If you are approaching the $250,000 limit for single filers, ($500,000 for married filers), you can avoid capital gains tax on your home’s appreciation by moving to another home.  E.g., Let’s say as a single filer, you bought your home for $100,000.  But now it’s worth $350,000.  If you sell it for $351,000, you will have to pay a capital gains tax on the $1,000.  However, if you buy a new house for $200,000 before your current home appreciates more than $250,000, you are able to essentially reset as move up into a nicer home.  So then your new capital gains tax threshold would become $550,000.


My Shortsightedness

After my parents had lived in two different homes, they were sure that their third would be their “forever” home.  They thought they knew exactly what they wanted at that point, but that was not truly the case.  The biggest point my Mom was trying to make to me was that my pursuit of a “forever” home may be shortsighted.  


upside of movingAlthough my parents have been in their current home for 18+ years, they aren’t even convinced that it will be their “forever” home.  Their closest friends, who are also their neighbors, are both moving out of the area.  Younger families are moving in, and my parents have little in common with them.  Neighbors have always been an important aspect of my parent’s social circle.


With all that said, I think I will follow my Mom’s advice and not focus so much on finding a “forever” home, but instead focus on finding something that meets our current needs and maybe even some wants.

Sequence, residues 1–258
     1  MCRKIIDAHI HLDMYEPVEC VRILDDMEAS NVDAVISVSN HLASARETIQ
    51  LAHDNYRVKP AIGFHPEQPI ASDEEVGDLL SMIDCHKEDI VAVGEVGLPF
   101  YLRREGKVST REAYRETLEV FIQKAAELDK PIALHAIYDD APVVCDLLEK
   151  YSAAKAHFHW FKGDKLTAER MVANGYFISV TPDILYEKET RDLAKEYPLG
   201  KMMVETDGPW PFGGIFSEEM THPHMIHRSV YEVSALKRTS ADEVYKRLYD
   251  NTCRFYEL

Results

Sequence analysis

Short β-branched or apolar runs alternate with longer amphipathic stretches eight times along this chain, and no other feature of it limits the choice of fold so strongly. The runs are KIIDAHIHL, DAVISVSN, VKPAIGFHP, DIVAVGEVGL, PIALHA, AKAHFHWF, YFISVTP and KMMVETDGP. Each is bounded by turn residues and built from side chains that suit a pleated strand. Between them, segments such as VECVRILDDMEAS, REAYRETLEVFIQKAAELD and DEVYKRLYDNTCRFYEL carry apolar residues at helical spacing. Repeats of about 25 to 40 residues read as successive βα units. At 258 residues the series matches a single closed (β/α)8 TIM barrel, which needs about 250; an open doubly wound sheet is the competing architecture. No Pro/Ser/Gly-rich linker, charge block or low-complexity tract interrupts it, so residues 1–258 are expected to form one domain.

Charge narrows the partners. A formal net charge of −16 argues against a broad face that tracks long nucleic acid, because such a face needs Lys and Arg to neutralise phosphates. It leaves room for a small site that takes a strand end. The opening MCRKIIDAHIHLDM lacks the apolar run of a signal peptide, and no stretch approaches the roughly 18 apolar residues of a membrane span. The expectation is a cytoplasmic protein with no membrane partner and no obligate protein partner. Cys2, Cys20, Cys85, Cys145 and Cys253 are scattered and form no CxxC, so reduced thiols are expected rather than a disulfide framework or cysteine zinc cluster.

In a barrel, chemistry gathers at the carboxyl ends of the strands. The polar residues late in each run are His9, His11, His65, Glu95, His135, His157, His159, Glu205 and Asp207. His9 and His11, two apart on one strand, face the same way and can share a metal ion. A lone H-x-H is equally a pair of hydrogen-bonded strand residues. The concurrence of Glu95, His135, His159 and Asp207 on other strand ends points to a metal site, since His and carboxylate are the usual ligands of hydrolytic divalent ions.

Broadening the Search

upside of movingSo, for fun, my wife and I have begun to expand our search.  We have looked at some out-of-state homes and are impressed with the possibilities.  Almost everywhere seems cheap compared to the prices in my current area.  A good school district is important to me for my kids.  Also, a home that is close to an international airport so that we could travel that much more easily would be ideal.


My wife, on the other hand, wouldn’t mind waiting a couple of years to get her sister’s situation more stable.  Then, she wouldn’t be opposed to moving somewhere warm, where the sun shines brightly year-round.  She would be content at a beach.  She is also on the same page as me about a good school district.  


Peachtree City, Georgia

upside of movingBoth my Mom and Sister have brought up the thought of relocating to Peachtree City, Georgia, just outside Atlanta.  The weather is obviously much warmer than the DC area, the homes are more reasonable in price, and most importantly, the schools are top-notch.  On the other hand, it’s not the beach.


We’ve only looked online, but the area definitely intrigues me.  Any of you familiar with that area or have been there?


So readers, if your employment wasn’t a factor, but cost, school system, location, etc. were, where would you live?  Share your thoughts below.

Mustard Seed Money

Welcome to the website. A mustard seed is a very small seed but astonishingly grows very large over time. My hope is that through your financial journey that your small investment in time, money and faith will grow beyond anything that you could ever imagine.


  1. “According to the latest figures, the average Inter-state moving fee costs roughly $4,300, while an Intra-state moving fee costs around $2,300.”